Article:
"Economic conditions have deteriorated significantly since the start of the credit crisis in August 2007. Financial markets continue to be stressed and many commodities have been subject to high price volatility. These conditions are having a significant effect on a wide range of businesses with many reporting reduced sales volumes and reduced margins.The FRC's review team has examined the December 2007 annual reports of 32 UK entities within the top 350 UK listed companies. Companies were selected if they had reported significant amounts of goodwill in their annual financial statements. The review does not address specific IP rights, but does examine the different methodologies employed in financial reporting of goodwill impairment.
These reductions mean that for many businesses the assumptions used to estimate the value of goodwill will need to be revised. The purpose of this review is to highlight areas of reporting of goodwill that will need to be enhanced as companies cope with the current environment.
In corporate reporting terms, the consequence of these changes in economic conditions may be an immediate need to write down the value of goodwill. For others there may be a need for additional disclosures to explain that the value of goodwill has decreased closing the gap on its book value, and that the likelihood of impairment losses in future has increased".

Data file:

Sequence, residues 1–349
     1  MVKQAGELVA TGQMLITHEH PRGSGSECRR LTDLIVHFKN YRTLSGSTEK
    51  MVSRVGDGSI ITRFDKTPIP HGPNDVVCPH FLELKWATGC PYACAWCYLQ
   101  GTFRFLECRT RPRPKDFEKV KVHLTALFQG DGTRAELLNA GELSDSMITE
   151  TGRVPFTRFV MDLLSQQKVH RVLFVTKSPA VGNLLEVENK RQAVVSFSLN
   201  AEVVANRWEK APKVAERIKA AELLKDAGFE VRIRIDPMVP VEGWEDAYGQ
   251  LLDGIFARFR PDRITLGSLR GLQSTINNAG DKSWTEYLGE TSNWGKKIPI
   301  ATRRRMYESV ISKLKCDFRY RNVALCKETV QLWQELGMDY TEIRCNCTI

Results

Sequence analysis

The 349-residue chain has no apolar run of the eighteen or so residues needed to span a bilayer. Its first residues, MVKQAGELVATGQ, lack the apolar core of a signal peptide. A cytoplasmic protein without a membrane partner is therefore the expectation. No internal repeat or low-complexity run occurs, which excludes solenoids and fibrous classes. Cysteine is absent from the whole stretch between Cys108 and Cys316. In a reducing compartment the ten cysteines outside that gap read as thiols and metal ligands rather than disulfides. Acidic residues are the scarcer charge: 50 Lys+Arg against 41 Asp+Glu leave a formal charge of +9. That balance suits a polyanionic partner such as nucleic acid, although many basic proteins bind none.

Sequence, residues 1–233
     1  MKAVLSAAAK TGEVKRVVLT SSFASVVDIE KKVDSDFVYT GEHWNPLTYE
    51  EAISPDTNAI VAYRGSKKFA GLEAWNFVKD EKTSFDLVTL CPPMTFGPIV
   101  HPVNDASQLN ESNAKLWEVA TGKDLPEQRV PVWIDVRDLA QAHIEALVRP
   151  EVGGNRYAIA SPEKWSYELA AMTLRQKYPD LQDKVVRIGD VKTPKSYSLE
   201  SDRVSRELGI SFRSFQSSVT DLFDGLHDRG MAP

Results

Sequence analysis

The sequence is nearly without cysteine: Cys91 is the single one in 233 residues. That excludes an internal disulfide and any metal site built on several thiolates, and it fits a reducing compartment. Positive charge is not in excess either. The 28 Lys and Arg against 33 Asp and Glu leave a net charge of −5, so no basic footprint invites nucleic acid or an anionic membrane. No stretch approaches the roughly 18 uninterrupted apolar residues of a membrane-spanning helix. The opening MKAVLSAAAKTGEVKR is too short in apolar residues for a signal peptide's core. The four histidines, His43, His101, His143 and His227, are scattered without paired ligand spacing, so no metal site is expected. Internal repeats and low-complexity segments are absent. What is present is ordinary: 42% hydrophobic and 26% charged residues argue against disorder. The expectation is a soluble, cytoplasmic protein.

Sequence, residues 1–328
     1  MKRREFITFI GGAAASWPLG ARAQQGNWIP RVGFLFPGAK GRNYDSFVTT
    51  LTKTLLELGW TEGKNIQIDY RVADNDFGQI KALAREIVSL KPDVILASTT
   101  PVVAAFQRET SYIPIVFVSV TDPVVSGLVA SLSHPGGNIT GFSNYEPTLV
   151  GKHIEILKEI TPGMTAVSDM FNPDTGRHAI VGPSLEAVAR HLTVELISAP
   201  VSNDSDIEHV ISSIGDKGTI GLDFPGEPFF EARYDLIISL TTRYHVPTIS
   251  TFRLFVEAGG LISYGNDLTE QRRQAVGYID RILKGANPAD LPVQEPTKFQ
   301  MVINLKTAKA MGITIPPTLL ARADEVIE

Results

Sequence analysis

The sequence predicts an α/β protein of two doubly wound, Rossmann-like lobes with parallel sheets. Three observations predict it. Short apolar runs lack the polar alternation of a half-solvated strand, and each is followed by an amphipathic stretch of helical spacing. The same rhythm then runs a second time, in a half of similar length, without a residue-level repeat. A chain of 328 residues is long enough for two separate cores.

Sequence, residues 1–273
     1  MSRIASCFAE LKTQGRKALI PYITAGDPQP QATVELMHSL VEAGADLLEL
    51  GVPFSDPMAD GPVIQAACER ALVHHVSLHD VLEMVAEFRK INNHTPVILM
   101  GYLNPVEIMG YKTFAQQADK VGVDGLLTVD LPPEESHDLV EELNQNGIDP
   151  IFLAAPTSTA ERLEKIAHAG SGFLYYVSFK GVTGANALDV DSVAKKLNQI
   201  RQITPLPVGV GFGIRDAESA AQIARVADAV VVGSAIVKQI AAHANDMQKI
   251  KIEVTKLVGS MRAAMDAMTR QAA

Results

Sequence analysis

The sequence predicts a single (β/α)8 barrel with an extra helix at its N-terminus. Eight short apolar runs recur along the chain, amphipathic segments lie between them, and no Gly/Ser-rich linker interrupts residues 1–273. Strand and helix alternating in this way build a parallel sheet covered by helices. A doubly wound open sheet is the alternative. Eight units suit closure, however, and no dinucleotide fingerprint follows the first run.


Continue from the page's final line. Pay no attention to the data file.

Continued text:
Friday, 24 October 2008
This ruling turned on the legal status of the Pyxis MedStation 2000 system, which Cardinal Health 301 leased to hospitals. The system is a series of stand-up medicine storage cabinets (MedStations), each with a built-in computer that serves as a medicine tracking system and is programmed with patient and medication information. The software was provided together with each MedStation as a "bundle" rather than being separately priced.
Thursday, 23 October 2008
The Loan Market Association has published a statement about the number of queries it is receiving from members expressing concerns about their funding costs. Lenders are concerned that the funding costs which are passed to borrowers do not adequately reflect the actual cost of funding some of their loans. This is because funding costs in loan agreements are now generally set by reference to LIBOR (determined by the British Bankers Association) but the lack of liquidity in the market means that there are variations in the real cost of funding available to lenders.
The Loan Market Association form of documents which are widely used in IP financing structures include a clause intended to ensure that a lender's cost of funds are met by the borrower. This clause, known as the market disruption clause, applies when the lender has a cost of funding which is higher than the LIBOR applying to the loan under the loan agreement. The lender may elect to use this clause to charge interest by reference to its cost of funding rather than LIBOR.